- Under-extraction: When the grind is too coarse, the shot will be diluted, leaving too much water and a soured flavor, and it will lack the rich espresso body. This happens when the water flows through the coffee grounds too quickly without extracting enough flavors.
- Over-extraction: A grind that is too fine will hold the water too long and slow the extraction process. This will release the bitter taste of tannins, a compound in the bean that will pucker your mouth.
However, most cheaper hand grinders can only produce coarse grinds that are not suitable for espresso.
What Is Dialing in Espresso?
Dialing in espresso refers to the process of finding the perfect balance of flavors, acidity, sweetness, bitterness and body, when extracting coffee.
This intricate process involves making small adjustments to the brewing variables, such as grind size, dose and extraction time, to achieve the desired taste profile. Grind size is an essential factor when dialing in.
It is common and reasonable that many hand grinders classify themselves as “espresso possible”. Unfortunately, the dozen grind settings they possess have steps larger than 30 microns, which do not allow you to dial in for the perfect espresso shot.
As I’ve learned through my coffee journey, a good espresso grinder should not only grind fine enough, but also needs to provide enough room for dialing in. I detailed the instruction for dialing in espresso in another post.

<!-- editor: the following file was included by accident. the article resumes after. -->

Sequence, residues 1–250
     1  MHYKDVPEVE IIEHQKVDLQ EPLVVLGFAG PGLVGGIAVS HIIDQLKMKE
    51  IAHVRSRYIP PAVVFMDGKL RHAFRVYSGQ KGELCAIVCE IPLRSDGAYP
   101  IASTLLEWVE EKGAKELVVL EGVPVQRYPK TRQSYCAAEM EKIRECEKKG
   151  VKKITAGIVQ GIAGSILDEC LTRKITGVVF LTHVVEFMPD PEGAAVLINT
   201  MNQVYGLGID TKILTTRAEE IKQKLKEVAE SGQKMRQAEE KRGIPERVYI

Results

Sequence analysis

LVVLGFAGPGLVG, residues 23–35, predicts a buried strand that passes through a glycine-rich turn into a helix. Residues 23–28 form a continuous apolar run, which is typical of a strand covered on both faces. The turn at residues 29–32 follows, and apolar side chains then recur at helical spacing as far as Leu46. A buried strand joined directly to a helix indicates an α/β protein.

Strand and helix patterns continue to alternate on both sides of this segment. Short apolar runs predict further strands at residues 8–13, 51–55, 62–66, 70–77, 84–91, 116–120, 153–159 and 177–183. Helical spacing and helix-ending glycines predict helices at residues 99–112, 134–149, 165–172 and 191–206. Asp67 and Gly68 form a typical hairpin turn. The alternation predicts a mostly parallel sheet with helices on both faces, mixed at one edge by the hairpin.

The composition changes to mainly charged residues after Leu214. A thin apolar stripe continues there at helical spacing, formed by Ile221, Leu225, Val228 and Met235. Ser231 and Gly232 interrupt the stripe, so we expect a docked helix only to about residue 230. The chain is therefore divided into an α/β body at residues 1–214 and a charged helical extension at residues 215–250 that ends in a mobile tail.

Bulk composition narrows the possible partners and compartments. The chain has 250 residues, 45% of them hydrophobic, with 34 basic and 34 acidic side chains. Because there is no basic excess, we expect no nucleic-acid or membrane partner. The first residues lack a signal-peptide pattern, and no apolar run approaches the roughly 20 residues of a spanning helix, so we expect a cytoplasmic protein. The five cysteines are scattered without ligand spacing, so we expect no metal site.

Choosing the Right Hand Grinder for Espresso
In this section, I’ll discuss some essential factors to consider when selecting a hand coffee grinder for espresso.
Conical and flat burrs are the two main types used in espresso grinders. You will only find conical burr sets in manual coffee grinders, while many electric espresso grinders use larger flat burrs for efficiency and higher uniformity. By the way, no matter which burr type you choose, they will be much better than blade grinders.
The materials used for the burrs, such as ceramic or stainless steel, can influence grind consistency and efficiency. Ceramic burrs are often found in cheaper hand grinders, but you’ll have to work hard for your shot. If you grind for espresso, opt for steel burrs.
Microns per step
When grinding coffee for espresso, the grinder’s ability to make fine adjustments is essential for achieving optimal extraction. The smaller the adjustment increments, the more precise the grind size control.